This article discusses benefit corporations, the new type of business entity gaining traction and popularity among mission-driven entrepreneurs and businesses.

A benefit corporation, or B – corporation, is a new type of business entity gaining traction and popularity among mission-driven entrepreneurs and businesses. A benefit corporation is a for-profit corporation with the same protections and permissions as a traditional corporate but with modified corporate governance provisions. For example, benefit corporations still elect C or S Corp tax status. However, this new governance model creates a solid foundation for long-term mission alignment and value creation by making additional commitments to higher standards of purpose, accountability, and transparency.

  • Purpose: Benefit corporations commit to creating public benefit and sustainable value in addition to generating profit. This sustainability is an integral part of their value proposition.
  • Accountability: Benefit corporations are committed to considering the company’s impact on society and the environment in order to create long-term stakeholder value for all stakeholders.
  • Transparency: Benefit corporations are required to regularly report to shareholders, and in most states report publically, on how the company is considering and balancing these interests and the extent that they have created stakeholder value or public benefit.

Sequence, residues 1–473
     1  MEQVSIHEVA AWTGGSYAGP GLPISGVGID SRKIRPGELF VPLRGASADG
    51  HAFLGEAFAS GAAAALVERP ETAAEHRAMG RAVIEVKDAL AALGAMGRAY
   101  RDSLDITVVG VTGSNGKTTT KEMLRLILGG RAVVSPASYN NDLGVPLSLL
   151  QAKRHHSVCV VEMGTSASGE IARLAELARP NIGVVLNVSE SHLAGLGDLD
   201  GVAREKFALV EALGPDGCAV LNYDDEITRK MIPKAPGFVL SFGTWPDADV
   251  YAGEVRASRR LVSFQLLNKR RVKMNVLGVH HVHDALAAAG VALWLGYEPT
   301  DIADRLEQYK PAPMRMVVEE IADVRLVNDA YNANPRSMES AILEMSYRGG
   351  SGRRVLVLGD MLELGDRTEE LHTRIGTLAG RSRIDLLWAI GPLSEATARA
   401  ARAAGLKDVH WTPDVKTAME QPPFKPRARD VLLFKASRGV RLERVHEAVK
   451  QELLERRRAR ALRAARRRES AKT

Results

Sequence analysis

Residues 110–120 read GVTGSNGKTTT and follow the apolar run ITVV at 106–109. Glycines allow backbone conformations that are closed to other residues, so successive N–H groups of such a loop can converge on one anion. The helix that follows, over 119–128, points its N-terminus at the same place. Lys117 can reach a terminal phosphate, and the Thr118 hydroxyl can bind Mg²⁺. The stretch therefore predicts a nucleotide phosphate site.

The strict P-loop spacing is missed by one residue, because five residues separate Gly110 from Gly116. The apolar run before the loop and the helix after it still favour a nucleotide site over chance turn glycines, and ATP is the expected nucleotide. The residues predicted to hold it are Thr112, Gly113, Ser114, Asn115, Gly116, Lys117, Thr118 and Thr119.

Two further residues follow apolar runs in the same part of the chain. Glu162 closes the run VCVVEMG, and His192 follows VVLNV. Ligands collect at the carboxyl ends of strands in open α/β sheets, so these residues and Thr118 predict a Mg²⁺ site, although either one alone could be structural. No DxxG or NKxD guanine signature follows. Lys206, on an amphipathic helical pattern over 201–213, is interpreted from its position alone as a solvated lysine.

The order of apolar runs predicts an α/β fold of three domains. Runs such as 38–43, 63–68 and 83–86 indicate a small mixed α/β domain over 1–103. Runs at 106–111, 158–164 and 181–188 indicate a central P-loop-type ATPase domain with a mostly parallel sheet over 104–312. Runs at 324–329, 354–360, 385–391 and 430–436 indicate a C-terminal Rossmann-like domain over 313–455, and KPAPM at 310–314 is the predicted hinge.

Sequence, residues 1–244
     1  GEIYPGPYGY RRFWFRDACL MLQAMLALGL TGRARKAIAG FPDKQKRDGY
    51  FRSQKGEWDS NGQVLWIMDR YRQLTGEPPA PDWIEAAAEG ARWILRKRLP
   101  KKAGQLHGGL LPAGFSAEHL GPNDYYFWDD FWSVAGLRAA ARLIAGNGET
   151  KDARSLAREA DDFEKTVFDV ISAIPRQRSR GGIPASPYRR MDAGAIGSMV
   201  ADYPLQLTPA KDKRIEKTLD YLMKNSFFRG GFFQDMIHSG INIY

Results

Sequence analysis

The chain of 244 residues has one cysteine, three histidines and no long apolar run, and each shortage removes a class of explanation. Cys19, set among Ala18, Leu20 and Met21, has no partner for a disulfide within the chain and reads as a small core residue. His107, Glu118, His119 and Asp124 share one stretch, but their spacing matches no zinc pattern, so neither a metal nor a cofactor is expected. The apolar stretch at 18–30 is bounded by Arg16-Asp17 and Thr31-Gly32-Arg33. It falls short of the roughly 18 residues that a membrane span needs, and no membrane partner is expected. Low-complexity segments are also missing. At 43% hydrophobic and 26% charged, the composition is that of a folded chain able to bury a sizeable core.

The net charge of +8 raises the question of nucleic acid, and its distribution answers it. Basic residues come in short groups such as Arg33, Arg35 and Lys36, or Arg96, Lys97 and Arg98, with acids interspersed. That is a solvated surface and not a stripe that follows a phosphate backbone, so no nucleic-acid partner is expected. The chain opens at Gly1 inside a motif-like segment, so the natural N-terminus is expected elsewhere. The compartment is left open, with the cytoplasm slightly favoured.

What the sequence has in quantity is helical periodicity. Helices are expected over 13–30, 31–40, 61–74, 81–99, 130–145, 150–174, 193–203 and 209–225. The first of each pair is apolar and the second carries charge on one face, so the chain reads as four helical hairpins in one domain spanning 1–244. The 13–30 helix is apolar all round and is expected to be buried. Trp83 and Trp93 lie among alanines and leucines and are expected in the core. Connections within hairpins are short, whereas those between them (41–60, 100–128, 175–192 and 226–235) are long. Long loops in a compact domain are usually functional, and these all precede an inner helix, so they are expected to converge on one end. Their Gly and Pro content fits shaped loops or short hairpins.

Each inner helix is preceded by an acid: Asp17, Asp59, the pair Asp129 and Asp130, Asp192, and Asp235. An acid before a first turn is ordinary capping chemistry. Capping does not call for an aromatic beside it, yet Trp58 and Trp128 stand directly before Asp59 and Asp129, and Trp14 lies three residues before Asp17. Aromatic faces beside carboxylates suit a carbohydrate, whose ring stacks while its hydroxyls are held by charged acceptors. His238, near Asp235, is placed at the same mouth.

Benefit Corporation Perks

Traditional corporate law requires directors to use profit maximization as the primary—if not only—lens in decision-making. Many now see this as a hurdle in creating long-term value for all stakeholders, including the shareholders themselves. Benefit corporations are a response to this narrow model of traditional corporate law. While they enjoy all the benefits and precedents of a traditional business corporation, benefit corporations have the flexibility and protection to consider all stakeholders and make decisions that take into account a long-term view. Moreover, benefit corporation status protects a company’s mission as a business undergoes capital raises, leadership changes, and an even through an IPO.

A Growing Movement

Companies interested in becoming a benefit corporation can incorporate in a state that recognizes benefit corporations or amend their existing articles to adopt benefit corporation status. Currently, 31 jurisdictions recognize the benefit corporation status, including Delaware, where benefit corporations are called “Public Benefit Corporations” or “PBCs.” There are over 3,000 benefit corporations nationwide. This list includes well-known names such as Patagonia, Method Home Products, Altschool, Laureate, Klean Kanteen, and Kickstarter.

Corporate Form vs. Certification

Benefit corporations, often referred to as “b corps,” are sometimes confused with Certified B Corporations. A benefit corporation is a legal business entity form administered by the state. A Certified B Corporation is a company certified by B Lab, a nonprofit that certifies a company's social and environmental performance using the B Impact Assessment. To become a Certified B Corporation, a company must (1) meet the social and environmental performance standard and obtain a verified score on the B Impact Assessment, (2) be transparent about that impact by having a public profile on bcorporation.net, and (3) fulfill the legal requirement to formalize a commitment to consider stakeholders alongside shareholders. Benefit corporations are not required to obtain B Corporation certification, and for-profit companies of any geographic location or structure (LLCs, partnerships, traditional corporations, etc.) may pursue B Corp certification. In addition to the B Corp certification, B Lab offers a suite of marketing and support services, including a free tool that helps benefit corporations create their required benefit report.